Jerry Jennings is in the area of Sacramento in Northern California and he has some highly regarded musicians from the region rallied as bassist Marty Holland, Scott Reams on the keys and drummer Bruce Spencer. Ronnie Montrose himself plays on the opening track ‘Observation’ on a southern sounding rumba rhythm and floats on the solid rockin ‘One Blue Lady “. Even the slower songs like ‘She’s’ come by the skill of the musicians quite visible. Keyboard Player Scott Reams is also against it without hesitation, as including “Bones”. “Weather Manipulation” however, is pure instrumental blues and a nice alternation between fusion. For me this is undoubtedly the best track of the album. Jerry Jennings arrested here with very subtle guitar playing and just when he seems to go into overdrive, he is at. For that you have a big. “The Next Mile” would be instrumental Steely Dan and is completed by the intimate beauty ‘A Dime For The Phone’.

Jerry Jennings as a virtuoso jazz fusion can easily tap into a wider audience. Not left me.

Ivan Van Belleghem (4)


“Make that “Jammin” Jerry Jennings! One of the coolest local releases I’ve come across yet. Jerry is a great guitarist with an incredible feel and excellent tone. This recording ventures into the rock/fusion territory with some great performances all the way around a la Jeff Beck. Jennings has a songwriting style that speaks to the listener without words, only soundscapes of wonderful imagery that take you to a kool world…It’s a fresh album with a different turn at every track…”

– Sac This Week (Sacramento) (CLASSIC ROCK & BEYOND)

A secret guitar hero cuts to the core one more time, with Ronnie Montrose at the helm.
Six-string masters who prefer to strut their stuff instrumentally are today’s weapon of mass destruction, so it’s always nice when a genuine, multistrata item comes forward from one of these. Jerry Jennings is one of the American best-hidden slingers, then, for his debut album was produced by Ronnie Montrose who even added his own axe to the opening cuts: one sharp thread in the funky angularity of “One Blue Lady” and an acoustic counterpoint to the main man’s electric on the reggae-bent “Observation”.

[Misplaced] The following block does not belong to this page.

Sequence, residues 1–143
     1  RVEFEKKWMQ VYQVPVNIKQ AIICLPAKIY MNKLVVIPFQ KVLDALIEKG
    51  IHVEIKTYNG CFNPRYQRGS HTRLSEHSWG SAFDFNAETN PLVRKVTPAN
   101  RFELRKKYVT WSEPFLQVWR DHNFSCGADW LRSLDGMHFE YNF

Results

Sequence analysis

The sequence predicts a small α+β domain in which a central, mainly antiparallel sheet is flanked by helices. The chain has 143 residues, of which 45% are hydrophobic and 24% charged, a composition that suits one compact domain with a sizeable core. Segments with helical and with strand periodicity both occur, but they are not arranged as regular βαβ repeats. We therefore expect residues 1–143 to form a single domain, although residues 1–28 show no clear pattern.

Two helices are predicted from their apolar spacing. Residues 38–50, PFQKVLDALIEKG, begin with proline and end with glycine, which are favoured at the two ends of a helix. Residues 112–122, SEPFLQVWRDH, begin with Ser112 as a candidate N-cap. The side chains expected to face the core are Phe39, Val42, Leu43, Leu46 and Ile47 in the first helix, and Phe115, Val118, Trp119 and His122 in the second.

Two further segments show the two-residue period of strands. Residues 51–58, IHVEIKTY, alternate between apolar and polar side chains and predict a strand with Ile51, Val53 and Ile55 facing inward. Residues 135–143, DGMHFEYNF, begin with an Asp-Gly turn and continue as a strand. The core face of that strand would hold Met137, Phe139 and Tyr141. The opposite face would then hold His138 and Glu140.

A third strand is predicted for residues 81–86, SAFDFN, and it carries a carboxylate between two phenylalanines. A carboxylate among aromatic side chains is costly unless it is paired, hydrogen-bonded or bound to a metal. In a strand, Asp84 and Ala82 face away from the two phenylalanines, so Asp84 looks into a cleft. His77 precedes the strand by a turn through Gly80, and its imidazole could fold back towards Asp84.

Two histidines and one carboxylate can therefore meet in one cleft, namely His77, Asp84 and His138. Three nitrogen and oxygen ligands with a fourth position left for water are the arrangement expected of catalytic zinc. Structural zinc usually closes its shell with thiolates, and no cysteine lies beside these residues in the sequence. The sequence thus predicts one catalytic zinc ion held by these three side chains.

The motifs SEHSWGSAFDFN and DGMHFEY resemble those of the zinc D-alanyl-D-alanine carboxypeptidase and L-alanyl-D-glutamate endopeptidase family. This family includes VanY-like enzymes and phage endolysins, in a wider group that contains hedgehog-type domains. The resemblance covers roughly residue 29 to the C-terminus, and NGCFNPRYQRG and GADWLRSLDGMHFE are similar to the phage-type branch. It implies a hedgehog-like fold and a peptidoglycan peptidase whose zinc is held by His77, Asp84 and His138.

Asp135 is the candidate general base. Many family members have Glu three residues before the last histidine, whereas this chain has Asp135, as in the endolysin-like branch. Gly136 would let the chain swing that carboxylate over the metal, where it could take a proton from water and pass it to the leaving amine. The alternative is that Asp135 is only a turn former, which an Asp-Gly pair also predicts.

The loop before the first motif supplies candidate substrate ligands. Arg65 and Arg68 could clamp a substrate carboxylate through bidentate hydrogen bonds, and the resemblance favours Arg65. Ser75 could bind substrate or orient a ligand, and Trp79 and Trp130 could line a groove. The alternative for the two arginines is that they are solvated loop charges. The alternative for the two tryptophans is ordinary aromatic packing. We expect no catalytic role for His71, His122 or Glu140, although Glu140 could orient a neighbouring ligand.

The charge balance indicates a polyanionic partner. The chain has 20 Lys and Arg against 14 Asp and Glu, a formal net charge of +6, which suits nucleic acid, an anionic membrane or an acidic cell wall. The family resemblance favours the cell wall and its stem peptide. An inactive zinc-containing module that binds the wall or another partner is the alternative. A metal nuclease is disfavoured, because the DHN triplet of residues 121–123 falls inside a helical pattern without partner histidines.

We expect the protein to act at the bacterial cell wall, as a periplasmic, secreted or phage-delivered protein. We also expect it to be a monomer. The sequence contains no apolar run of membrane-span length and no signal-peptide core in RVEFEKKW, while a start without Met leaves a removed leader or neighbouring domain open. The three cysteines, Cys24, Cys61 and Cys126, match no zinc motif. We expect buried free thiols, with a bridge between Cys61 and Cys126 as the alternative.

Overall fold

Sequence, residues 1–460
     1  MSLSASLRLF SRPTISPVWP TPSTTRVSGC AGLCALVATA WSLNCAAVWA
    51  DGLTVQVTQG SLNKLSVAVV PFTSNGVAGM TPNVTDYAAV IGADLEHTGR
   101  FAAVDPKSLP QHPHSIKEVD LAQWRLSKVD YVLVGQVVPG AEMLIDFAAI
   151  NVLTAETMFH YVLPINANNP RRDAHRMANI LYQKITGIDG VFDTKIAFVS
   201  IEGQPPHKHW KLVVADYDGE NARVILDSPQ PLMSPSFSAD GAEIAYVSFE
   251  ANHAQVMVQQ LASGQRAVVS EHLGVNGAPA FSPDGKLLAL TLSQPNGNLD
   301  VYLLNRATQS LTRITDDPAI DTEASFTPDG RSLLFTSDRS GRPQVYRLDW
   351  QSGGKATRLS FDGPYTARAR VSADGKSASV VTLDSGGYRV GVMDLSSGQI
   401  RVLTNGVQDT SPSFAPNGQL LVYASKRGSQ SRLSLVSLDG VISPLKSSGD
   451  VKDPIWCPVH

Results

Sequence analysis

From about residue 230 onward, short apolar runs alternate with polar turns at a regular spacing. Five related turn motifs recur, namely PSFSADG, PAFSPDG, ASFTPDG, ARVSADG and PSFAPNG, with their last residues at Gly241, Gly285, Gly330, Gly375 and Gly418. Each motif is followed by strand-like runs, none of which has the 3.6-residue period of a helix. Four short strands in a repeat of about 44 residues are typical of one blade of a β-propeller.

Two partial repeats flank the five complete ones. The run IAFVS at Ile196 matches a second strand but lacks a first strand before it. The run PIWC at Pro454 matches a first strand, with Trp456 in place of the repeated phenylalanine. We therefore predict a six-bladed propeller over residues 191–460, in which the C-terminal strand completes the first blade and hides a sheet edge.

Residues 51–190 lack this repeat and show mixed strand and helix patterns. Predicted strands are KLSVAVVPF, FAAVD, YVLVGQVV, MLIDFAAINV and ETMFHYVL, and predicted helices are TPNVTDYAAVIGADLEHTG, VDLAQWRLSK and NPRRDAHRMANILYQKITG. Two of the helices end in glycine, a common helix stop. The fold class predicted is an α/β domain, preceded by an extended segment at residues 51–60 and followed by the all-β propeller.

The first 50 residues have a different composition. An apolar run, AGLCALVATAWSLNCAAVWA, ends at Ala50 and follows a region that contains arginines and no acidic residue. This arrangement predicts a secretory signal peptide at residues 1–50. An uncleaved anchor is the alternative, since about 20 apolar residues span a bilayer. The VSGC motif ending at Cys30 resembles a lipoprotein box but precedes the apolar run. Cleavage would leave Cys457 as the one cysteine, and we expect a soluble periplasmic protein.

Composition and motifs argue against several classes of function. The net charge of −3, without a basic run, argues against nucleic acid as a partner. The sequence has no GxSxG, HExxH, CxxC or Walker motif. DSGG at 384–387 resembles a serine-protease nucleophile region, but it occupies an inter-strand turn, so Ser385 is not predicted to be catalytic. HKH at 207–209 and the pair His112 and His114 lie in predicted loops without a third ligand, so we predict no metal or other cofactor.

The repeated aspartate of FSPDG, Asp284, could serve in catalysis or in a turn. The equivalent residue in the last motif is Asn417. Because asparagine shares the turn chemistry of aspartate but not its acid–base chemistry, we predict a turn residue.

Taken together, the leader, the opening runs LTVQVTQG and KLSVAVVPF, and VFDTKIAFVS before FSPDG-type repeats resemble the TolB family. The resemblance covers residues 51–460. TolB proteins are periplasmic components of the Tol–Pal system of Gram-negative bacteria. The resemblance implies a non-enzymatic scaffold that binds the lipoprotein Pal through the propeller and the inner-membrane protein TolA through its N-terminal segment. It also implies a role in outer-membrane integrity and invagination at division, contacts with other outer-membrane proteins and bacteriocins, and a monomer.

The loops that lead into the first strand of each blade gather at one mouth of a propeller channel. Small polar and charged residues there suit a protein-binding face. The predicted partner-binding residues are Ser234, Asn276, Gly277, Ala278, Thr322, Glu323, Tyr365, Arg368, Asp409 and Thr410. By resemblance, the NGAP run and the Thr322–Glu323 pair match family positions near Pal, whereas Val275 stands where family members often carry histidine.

But for the most part Jennings weaves the fusion fuse with his own skilful hands, the Jeff Beck-inspired liquid loneliness of “She’s” suiting him well and building high and tense, whereas “Bones” spastically waltzes in space revealing the depth of guitar tone. The panorama of the tapestry unfolds its playful entirety only after a few spins, yet it’s hard to resist the adventurous zigzags in “The Next Mile” even on the first ride, and the “Meltdown” crawls likeably smooth to make the blues aficionados follow its route. The reward comes in the epic form of “A Dime For The Phone”, a delicate piece with some frivolous bits, which must enter every guitar tutorial there is. And hopefully, with the album’s second coming it will.


I’m not a student of jam bands, wailing, guitars, fusion-ish rock, or brilliant wankery. But even I can hear that this dude should be playing for ten thousand jam fans a night. Produced by Ronnie Montrose and featuring more lpm (licks per minute) than a lollipop festival, this JJ is dy-no-mite!
Posted by Roctober Magazine Reviews


Not only is Jerry Jennings a virtuoso playing his guitar, he’s also an author of books for his own publishing company and a teacher at his guitar workshops. Jennings plays guitar since his teenage years.

He teamed up with the legendary Ronnie Montrose (Edgar Winter, Montrose) and has re-issued his album Shortcut To The Center. The CD was already being sold back in the mid 00’s at Jenning’s concerts, but never officially released. Montrose is not only the producer of the album but he also shows in several songs, that even well over the age of 60, he can still teach these whippernsnappers a thing or two.

They call their project Rock-Jazz Fusion, however, there are several more styles you can hear influencing these songs. Sometimes even a little Reggae or just some good, old, classic rock.

The album contains ten tracks, all without (in this case unnecessary) lyrics, enabling the listener to enjoy the virtuosity of Jennings’ or Montrose’s mean guitars. My favorites are the opener Observation, then Rule 14 and finally Feeding Time.


“With his latest release Shortcut to the Center, Jerry Jennings has proven that he is the heir apparent to such guitar legends as Jeff Beck, Eric Clapton and David Gilmour. While Jennings is technically proficient on his instrument, he clearly understands that tone and feel count for everything. Thankfully, this is not another guitar CD that is wall to wall shredding and noodling, but instead features remarkably melodic performances that touch the heart and soul of the listener…The production duties were handled by guitarist Ronnie Montrose (who also contributed burning guitar trade-offs with Jerry on “One Blue Lady”). Highly recommended!”